Posted | filed under Weekly Reports.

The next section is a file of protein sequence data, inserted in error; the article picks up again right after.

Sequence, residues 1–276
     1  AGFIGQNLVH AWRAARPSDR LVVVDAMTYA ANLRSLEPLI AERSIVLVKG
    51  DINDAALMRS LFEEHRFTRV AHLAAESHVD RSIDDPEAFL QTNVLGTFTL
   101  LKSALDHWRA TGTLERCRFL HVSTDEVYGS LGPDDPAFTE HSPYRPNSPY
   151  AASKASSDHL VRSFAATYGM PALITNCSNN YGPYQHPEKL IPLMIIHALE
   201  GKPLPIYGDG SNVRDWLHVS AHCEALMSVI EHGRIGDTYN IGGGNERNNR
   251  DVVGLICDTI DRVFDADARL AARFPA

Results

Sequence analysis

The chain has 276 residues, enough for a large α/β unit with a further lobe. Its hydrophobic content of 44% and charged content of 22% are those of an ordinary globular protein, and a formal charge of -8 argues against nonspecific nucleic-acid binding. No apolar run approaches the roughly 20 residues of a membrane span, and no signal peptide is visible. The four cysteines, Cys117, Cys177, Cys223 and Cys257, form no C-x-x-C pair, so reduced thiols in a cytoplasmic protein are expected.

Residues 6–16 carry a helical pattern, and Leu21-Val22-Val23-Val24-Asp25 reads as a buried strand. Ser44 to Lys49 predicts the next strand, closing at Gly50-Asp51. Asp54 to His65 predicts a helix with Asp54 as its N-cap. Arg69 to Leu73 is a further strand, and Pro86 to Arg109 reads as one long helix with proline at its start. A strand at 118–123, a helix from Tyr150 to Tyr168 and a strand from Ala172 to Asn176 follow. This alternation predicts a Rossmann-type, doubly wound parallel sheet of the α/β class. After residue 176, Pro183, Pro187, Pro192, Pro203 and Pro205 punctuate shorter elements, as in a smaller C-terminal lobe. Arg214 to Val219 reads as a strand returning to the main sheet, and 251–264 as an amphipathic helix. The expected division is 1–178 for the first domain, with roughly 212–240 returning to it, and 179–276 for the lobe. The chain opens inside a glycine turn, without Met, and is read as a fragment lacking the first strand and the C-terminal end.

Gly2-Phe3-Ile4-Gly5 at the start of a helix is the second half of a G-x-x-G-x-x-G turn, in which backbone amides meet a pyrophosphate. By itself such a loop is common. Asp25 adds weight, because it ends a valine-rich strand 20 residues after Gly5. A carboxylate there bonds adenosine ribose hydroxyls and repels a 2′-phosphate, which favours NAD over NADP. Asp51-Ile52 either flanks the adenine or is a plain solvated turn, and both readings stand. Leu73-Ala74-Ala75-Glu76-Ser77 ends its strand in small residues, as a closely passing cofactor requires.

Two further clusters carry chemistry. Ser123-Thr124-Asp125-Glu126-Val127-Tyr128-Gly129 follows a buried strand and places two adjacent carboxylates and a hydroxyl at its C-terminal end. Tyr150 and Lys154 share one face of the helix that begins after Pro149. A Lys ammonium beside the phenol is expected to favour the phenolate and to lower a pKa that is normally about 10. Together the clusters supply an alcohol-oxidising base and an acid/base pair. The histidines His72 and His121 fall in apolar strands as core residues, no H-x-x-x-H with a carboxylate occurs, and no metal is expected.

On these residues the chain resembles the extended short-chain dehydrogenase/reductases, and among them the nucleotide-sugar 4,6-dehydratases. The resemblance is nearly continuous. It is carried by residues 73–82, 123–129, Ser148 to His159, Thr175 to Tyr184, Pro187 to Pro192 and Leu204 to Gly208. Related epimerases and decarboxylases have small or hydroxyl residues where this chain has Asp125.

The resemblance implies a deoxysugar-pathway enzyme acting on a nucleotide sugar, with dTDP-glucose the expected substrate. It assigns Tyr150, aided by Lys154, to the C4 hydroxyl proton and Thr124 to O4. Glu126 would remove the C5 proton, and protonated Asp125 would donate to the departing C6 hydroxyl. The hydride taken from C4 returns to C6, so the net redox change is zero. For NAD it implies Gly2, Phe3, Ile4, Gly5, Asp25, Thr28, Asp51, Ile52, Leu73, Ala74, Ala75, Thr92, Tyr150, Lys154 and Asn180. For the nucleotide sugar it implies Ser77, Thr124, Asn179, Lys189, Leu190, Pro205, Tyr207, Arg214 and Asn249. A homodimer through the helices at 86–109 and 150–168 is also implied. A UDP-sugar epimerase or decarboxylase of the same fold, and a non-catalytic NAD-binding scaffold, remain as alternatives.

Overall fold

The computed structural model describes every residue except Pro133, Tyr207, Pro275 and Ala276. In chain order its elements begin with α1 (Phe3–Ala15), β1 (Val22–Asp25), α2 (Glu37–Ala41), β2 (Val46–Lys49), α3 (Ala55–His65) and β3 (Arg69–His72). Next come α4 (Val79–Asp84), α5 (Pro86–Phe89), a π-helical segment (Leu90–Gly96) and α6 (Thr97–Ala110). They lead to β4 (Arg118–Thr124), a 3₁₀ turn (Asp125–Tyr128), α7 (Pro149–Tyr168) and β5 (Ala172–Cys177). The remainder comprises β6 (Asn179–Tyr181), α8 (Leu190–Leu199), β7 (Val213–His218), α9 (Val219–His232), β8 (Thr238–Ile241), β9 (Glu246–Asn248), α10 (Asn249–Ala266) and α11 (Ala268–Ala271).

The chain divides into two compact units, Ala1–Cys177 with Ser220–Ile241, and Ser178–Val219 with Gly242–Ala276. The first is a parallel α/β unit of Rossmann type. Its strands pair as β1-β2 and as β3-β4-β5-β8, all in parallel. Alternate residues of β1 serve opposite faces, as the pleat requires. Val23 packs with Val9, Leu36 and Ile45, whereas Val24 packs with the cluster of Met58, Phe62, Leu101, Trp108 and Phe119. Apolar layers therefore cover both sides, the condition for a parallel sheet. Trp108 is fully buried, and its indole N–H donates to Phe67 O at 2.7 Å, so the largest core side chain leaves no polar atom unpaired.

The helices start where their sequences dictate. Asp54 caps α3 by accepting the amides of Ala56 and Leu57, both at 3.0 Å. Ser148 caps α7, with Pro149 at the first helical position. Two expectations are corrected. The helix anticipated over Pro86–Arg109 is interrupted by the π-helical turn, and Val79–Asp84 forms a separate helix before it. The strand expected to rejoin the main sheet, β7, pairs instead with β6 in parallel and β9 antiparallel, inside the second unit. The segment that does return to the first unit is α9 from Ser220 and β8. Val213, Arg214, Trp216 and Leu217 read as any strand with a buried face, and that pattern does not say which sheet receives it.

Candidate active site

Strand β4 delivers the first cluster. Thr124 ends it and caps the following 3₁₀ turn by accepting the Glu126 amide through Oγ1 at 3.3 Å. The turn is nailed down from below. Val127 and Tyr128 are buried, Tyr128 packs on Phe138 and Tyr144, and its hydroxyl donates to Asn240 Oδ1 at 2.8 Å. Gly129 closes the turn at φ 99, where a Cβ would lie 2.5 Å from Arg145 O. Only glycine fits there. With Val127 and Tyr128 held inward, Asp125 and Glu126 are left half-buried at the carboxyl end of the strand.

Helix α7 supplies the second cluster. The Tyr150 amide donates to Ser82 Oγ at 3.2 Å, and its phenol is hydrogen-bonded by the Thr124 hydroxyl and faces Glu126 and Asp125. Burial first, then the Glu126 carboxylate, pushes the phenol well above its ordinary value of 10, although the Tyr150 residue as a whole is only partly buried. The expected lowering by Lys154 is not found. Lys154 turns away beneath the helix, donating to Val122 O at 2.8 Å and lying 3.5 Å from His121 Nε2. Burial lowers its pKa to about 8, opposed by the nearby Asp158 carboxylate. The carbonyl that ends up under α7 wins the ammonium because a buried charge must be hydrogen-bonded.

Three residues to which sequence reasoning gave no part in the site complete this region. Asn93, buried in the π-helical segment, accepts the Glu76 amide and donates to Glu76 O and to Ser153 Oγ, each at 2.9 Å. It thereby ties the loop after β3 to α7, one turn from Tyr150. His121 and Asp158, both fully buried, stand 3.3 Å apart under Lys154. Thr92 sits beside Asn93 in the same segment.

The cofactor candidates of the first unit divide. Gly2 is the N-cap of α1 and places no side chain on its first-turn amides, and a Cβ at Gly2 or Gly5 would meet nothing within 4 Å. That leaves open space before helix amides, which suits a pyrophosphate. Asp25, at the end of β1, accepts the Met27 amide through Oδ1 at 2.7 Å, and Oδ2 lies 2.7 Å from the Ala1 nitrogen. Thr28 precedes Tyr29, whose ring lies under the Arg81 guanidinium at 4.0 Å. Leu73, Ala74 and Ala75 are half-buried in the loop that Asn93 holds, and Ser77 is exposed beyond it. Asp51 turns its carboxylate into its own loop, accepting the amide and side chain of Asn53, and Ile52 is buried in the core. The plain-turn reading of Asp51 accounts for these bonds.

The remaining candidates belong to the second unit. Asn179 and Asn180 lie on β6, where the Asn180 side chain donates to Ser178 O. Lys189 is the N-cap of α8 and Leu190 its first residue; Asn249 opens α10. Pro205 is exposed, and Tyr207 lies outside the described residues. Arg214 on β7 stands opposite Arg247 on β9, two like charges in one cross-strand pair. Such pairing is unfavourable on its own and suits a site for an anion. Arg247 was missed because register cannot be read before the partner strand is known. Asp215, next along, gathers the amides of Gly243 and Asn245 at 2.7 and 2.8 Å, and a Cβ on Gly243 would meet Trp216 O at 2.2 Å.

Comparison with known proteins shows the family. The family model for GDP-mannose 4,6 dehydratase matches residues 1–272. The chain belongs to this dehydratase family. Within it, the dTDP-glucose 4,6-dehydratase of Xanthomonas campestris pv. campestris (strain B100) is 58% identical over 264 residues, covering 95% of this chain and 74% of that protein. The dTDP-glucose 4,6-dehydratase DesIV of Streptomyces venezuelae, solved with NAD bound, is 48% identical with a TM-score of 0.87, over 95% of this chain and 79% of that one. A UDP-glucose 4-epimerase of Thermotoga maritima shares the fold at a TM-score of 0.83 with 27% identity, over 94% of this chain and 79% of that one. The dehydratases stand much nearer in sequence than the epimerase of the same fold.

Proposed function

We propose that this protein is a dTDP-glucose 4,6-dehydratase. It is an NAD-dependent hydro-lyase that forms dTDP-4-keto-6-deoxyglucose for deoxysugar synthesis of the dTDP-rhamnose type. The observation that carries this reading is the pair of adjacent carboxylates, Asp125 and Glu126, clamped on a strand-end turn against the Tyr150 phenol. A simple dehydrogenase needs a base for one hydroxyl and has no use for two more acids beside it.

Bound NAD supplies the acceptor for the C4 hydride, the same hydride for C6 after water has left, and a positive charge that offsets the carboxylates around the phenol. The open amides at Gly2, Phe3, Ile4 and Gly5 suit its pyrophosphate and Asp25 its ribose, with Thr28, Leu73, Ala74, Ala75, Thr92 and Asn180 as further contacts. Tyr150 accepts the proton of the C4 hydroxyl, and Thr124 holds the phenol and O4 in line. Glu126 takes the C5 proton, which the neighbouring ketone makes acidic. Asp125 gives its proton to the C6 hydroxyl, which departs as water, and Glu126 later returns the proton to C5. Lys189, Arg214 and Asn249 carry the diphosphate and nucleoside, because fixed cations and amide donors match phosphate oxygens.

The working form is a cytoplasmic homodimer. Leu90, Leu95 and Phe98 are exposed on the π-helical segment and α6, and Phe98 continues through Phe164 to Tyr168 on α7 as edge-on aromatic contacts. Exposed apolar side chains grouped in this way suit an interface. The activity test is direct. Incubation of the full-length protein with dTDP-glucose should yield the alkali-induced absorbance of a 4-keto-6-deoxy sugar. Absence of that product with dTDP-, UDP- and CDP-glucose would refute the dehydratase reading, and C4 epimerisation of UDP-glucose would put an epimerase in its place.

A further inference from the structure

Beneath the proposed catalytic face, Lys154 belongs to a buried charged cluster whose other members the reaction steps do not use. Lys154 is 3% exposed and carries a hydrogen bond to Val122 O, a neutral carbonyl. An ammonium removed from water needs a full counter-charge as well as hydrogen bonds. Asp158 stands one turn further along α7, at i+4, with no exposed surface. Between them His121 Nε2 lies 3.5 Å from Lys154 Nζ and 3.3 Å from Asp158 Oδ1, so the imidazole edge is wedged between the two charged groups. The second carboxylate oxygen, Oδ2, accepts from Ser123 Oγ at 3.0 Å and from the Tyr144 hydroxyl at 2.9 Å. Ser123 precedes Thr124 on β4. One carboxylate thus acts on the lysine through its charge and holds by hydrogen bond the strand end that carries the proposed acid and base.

Just the other day I was marveling at the quality of this summer; not just the sun and heat, but the lack of wind. I blame myself for saying it out loud, but the Lesser Slave Lake area seems to have remembered that it likes being windy. The arrival of wind has certainly put a damper on migration and our banding totals over the past week. I know I have said it many times to many people that birds aren’t very active on windy days, but I also know that people are sometimes confused by that. Why birds don’t migrate when there is a headwind makes sense, but I often get asked why birds don’t take advantage of tailwinds to help them migrate faster. To a certain extent they will, but it doesn’t take much for the wind to go from helpful to dangerous. Most migratory songbirds have a cruising speed of about 30 km/hour. Our wind speeds are often 30 gusting to 50. To put it into perspective, it is like you driving down the highway with a tailwind of 100 gusting to 170. Also take into account that birds are extremely light in comparison to their surface area – so it’s like driving a tiny little car with a billboard on its roof through extreme winds. So what do birds do in the wind? Some will definitely continue to migrate, but they will do so slower and deeper in the forest, moving through the treetops in between gusts of wind. Most, however, will use poor weather as an opportunity to rest and feed so that they are ready to give it their all once the weather becomes favourable again. If the wind becomes extremely strong they often simply hunker down near the trunks on branches lower in the trees. This leads into an interesting and related topic. How do birds stay perched in such strong winds? A visitor asked the other day how birds stay so firmly attached to their perches and how they are able to sleep without falling. Birds have very specially designed legs and feet that make keeping their grip an involuntary reflex. They have long thin tendons that run along the backs of their legs attaching the muscles high in their legs all the way down to their toes. When a bird bends its legs the tendons are pulled tight over the outside/backside of their ankle joint and the toes lock onto the perch (the main joint you can see on a bird’s leg is its ankle and the main part of its ‘leg’ is actually congruent with our foot). The toes will stay locked until the bird straightens its leg and relieves the tension on the tendon. Falling asleep actually helps a bird to further tighten its grip because as it relaxes its weight settles onto its legs and causes them to bend even more which adds even more tension to the tendons.